Big Energy must stake its claim to manage the energy transition, not leave it to eco-activists
I’ve taken plenty of heat lately from fossil fuels boosters who disagree the global economy has begun a 100-year transition to clean energy technology. Well, perhaps the boosters will believe Royal Dutch Shell CEO Ben van Beurden, who gave a very important speech in Norway Monday.
You can read some of my columns here and here and here.
van Beurden began his speech by saying how important it was that the oil and gas industry be “contrarians” in the debate over the transition to clean energy: “All of us here today have a pivotal role to play in shaping the energy system of the future. With our knowledge, we have some indispensable ― and you could say, contrarian ― insights to offer.”
His remarks were aimed squarely at Big Green – the environmental groups like Greenpeace and the Sierra Club which argue that wind and solar are ready for primetime now. The ones that carelessly fling about slogans like “100% renewables now!”
But van Beurden makes it very clear in which direction the global energy system is headed: “As we all know, the demand for energy is expected to grow [25% by 2035, according to the International Energy Agency] …Just as demand will go up, emissions of greenhouse gasses will need to come down… especially if the world is to live up to the significant and ambitious Paris agreement on climate change.”
And then he hits the rhetorical nail on the head: “The underlying question is: How far can countries transform their economies to meet demand and reduce emissions at the same time? And, crucially: How fast can they do that?”
The answers to those questions – as I have argued in many columns – are: A) Only as far as new energy technologies will allow them; B) Slowly.
Noted energy researcher and academic Vaclav Smil says energy systems change at only three per cent annually. Even that may be optimistic given modern circumstances. And, indeed, Prof. Smil has written extensively about the challenges of electrifying power, transport, industry and buildings.
More excerpts from van Beurden’s speech:
Social, political and geographical conditions differ from country to country. So the energy transition is likely to play out in a different way in different places…The pace of the transition will differ too. In some places it will be relatively fast, in others relatively slow.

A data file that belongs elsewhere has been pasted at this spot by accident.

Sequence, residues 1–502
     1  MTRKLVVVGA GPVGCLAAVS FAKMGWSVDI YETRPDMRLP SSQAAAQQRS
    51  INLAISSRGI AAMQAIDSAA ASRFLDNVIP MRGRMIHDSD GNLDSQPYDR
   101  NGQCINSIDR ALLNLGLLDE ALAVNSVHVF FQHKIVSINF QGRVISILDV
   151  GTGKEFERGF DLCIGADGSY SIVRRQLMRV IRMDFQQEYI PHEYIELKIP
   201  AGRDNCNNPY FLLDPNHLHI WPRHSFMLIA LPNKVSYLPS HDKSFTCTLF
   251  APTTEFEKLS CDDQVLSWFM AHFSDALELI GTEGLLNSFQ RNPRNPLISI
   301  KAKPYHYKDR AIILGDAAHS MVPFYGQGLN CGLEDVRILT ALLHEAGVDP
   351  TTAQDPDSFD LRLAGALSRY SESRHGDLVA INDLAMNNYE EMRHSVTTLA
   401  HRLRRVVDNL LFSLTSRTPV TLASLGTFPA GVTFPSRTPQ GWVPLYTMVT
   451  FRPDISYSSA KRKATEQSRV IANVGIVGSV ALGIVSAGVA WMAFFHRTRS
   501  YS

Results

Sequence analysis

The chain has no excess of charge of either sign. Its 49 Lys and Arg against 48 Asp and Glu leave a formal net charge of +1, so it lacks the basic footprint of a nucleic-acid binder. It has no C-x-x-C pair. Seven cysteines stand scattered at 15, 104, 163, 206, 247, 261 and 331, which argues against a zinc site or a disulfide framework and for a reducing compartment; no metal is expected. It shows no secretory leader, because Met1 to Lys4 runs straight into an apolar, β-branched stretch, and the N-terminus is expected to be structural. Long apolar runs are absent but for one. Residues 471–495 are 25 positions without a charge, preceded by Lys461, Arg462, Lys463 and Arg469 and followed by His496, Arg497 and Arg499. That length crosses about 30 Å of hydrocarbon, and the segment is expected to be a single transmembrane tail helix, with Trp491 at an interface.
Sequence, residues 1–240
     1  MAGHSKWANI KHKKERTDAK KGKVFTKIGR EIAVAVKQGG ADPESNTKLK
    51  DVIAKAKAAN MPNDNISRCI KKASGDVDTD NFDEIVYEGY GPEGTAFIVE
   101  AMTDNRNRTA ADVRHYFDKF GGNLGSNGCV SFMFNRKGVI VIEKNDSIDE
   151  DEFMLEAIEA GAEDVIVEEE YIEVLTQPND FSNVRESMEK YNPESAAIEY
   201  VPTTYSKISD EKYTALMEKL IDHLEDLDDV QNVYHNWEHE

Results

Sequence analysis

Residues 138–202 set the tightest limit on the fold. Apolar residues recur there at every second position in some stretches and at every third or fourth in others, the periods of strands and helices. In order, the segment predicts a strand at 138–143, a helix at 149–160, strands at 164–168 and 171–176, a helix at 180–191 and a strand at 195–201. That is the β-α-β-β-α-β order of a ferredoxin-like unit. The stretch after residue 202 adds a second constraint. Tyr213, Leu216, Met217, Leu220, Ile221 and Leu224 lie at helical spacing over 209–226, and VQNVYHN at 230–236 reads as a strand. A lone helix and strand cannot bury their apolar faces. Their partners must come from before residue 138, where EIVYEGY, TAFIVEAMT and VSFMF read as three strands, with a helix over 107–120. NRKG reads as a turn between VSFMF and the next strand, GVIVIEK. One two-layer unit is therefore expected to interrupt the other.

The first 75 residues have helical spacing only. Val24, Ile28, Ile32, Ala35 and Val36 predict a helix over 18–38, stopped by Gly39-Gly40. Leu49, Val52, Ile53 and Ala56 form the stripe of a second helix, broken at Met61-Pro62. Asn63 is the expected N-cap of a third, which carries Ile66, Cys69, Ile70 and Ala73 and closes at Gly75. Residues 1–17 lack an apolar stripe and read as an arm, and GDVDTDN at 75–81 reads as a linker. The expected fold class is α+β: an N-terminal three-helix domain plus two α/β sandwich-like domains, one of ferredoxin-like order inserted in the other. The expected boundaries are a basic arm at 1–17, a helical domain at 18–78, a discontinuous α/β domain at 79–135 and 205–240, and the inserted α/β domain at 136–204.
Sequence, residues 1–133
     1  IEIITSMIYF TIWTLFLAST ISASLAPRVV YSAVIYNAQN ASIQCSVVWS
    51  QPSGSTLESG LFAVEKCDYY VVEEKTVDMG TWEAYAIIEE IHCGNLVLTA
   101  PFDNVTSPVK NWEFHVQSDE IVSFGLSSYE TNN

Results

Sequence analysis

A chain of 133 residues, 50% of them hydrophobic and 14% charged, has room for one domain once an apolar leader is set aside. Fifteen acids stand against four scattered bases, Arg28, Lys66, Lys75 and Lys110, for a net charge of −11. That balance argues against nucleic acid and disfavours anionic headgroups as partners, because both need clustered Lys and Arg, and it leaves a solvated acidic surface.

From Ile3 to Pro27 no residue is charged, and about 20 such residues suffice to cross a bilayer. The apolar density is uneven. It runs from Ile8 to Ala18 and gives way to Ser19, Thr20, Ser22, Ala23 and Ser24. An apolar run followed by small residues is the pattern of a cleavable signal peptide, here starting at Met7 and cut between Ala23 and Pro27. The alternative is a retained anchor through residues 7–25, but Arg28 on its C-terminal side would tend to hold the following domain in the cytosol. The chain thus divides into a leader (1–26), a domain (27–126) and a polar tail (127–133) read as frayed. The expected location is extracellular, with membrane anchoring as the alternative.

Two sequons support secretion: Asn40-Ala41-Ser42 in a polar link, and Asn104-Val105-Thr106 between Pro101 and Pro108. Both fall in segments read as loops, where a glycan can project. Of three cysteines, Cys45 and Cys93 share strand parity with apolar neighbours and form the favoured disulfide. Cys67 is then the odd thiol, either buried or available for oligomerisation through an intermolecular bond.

In other words, this century’s energy landscape will inevitably be a patchwork of renewables and hydrocarbons. Or, to put it differently, some level of emissions will remain for some time.
I believe it is part of our industry’s role to underline this undeniable truth. It is part of our role to be the contrarian in the room. Not because we like it, but because realism is absolutely crucial to achieving an effective and efficient energy transition.
Our industry needs to reduce its carbon intensity too. This is one of the reasons behind Shell’s strategic choice for natural gas. When burnt to produce electricity, gas emits half the CO2 and just one-tenth the air pollutants of coal.
Reducing our carbon intensity is also one of the reasons why a new generation of energy sources has a more prominent role in Shell’s new strategy. As we have explained to our investors, new energies like wind, hydrogen and biofuels will become essential parts of our portfolio over time.
There are three takeaways I want to leave with readers.
One, when Big Oil acknowledges the transition from fossil fuels has begun, it’s time for the boosters to throw in the towel and finally admit an energy transition is underway (and has been for five to 10 years, according to the experts I consult).
Two, being contrarian is not enough. Big Energy has to push back against environmentalists and make the case that it is best suited to manage the energy transition. The short version of that argument is this: Do we want the transition to be managed by engineers, scientists, technicians, and professional managers or eco-activists? The answer should be obvious, but Big Energy needs to make it plain and make it often.
Three, Big Energy must explain how oil and gas fit into the emerging clean energy economy. For instance, will we see a shift from oil and natural gas used as fuels to being primarily used as feedstock for industrial processes? How do gas and renewable energies work together?
Shell is hardly the only Big Oil corporation making some version of this argument. ExxonMobil, for example, has now publicly acceptied that climate change mitigation is a global challenge and that strategies like carbon taxes are required.
But industry needs more CEOS like Ben van Beurden to step up and take a leadership role.
The alternative is to continue to allow eco-activists to dominate the public debate over oil and gas, clean energy, and the energy transition. That must stop.
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